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Palika Makam discovered her passion for storytelling at a young age, watching nightly newscasts and writing in to her favorite local news reporters, but it was not until someone handed her the book, “We Wish To Inform You That Tomorrow We Will Be Killed with Our Families,” which detailed the Rwandan genocide, that she understood the “special way to learn about the world through stories.”
“I thought that I was absolutely 100 percent going to be a reporter and wanted to travel the world, and I wanted to make films like ‘Restrepo’ and go to post-conflict areas,” Makam told NBC News.
“If I can, in my time on Earth, spend a little of that making the tiniest impact, then that’s what I want to do. It fuels me to do it more.”
Today, the 27-year-old does travel the world as a member of The Babel Project, a youth media organization she co-founded that partners with underrepresented communities around the world to tell their stories. Instead of producing work directly, the organization teaches young people digital media and storytelling skills so they can advocate for themselves.
The idea for the organization came to Makam while she was in graduate school. After finishing an undergraduate degree in journalism and social and cultural analysis at New York University, she went on to obtain a master’s in international affairs with a concentration in human rights and media at The New School.
While there, Makam discovered a second passion for social justice issues and studied different grassroots movements. She began to question if she should be the one telling the story, or rather pave the way for others to share their own.
“[I thought,] ‘What would happen if the communities that we worked with were the ones making the films instead of us,'” she said. “If we truly believe that they are the ones who can find the solutions to the problems that they face, what kind of shift could that make?”
The daughter of Indian immigrants, Makam grew up in an immigrant-centered community within Chicago, Illinois. Her first friends and heroes were immigrants and mainly women, she said.
It was the convergence of her upbringing, love for journalism, and passion for social justice that led her to create The Babel Project with co-founder and fellow The New School alum Carlos Cagin.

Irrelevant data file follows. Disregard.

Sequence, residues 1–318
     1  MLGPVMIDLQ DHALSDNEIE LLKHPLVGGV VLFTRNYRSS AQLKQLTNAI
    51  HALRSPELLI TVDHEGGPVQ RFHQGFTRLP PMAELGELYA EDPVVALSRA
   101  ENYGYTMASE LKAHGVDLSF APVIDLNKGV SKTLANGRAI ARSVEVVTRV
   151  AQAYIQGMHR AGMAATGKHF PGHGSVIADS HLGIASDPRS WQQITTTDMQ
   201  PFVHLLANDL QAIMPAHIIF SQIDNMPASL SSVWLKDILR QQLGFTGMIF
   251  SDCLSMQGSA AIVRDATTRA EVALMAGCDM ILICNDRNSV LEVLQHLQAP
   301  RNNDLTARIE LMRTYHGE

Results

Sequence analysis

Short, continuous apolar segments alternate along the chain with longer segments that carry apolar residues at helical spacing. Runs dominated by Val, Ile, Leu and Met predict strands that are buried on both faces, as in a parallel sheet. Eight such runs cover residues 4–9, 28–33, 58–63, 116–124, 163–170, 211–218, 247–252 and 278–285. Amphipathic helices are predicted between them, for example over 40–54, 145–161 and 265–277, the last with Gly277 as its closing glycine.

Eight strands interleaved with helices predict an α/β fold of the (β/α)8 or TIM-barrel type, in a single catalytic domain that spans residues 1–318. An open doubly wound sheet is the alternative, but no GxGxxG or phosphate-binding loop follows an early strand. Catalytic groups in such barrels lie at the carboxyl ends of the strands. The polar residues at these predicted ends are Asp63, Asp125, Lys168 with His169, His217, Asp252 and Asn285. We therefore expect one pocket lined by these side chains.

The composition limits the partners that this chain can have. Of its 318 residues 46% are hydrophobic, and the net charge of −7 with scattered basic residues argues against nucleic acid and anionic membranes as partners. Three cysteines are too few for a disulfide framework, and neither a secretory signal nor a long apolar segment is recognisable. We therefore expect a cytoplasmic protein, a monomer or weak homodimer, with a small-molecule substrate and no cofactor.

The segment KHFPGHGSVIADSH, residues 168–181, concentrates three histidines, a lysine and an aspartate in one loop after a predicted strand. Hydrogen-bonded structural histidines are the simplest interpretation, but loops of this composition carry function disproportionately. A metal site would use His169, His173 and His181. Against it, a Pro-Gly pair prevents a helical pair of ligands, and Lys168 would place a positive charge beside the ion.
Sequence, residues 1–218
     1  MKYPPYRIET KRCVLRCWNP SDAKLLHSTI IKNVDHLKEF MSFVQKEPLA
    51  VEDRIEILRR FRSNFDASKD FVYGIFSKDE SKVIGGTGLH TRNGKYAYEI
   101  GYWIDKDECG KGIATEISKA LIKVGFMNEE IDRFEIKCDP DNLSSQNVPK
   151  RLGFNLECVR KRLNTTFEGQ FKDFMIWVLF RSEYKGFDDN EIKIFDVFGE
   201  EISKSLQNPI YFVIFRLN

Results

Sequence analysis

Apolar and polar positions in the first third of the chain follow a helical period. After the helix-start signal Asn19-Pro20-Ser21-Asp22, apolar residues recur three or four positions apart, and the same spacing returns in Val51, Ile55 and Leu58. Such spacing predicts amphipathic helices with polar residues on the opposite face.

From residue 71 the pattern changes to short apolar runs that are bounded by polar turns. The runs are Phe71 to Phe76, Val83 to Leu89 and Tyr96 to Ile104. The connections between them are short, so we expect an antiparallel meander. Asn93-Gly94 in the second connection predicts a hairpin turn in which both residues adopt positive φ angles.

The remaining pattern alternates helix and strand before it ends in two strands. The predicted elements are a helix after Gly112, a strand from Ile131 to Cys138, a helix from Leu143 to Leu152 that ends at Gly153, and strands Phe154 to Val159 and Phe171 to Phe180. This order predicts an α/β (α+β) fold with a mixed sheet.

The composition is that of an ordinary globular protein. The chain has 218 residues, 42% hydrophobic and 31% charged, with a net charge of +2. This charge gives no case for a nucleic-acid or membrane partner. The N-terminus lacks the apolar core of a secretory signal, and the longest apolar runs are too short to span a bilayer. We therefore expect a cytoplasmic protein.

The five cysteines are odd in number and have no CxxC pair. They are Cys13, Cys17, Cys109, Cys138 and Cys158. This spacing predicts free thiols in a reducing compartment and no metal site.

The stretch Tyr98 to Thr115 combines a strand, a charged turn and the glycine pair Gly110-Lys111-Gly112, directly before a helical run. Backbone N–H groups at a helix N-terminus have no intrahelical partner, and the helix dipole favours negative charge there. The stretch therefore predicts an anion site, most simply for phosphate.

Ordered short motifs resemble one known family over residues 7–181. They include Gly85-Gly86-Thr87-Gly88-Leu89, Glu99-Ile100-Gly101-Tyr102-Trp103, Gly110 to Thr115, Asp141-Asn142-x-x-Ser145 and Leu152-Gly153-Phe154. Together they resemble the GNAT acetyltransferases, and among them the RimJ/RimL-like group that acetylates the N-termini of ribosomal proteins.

“I want [young learners] coming up in the next generation, really thinking about the news, who’s crafting the stories, and who is in control of that, so that’s really special for me,” Makam said.
As a graduate student in 2012, Makam proposed a three-month research project — originally titled “Amazwi Wethu,” which translates from the South African language of Xhosa to “Our Voices”— to her master’s program, which sent her and Cagin to Cape Town, South Africa.
There, The Babel Project partnered with Equal Education, an educational grassroots movement based in the township of Khayelitsha that advocates for black and brown students who reside within the country's slum communities.
Their work in Cape Town led to the launch of a now fully funded, locally sustainable organization in South Africa that has provided some of its alumni and activists with the skills to pursue film school, use their documentaries as work in human rights court cases, and in recent Equal Education campaigns.
After a year of setting foundations in South Africa, Makam brought her work back to New York City, where The Babel Project has partnered with local schools and Make the Road New York, an organization that advocates for immigrant communities and recipients of deferred action immigration status. One activist, Perla Lopez, shared her story via documentary, and later earned a seat as the only undocumented person represented on the International Migrant’s Day Panel at the United Nations in 2016.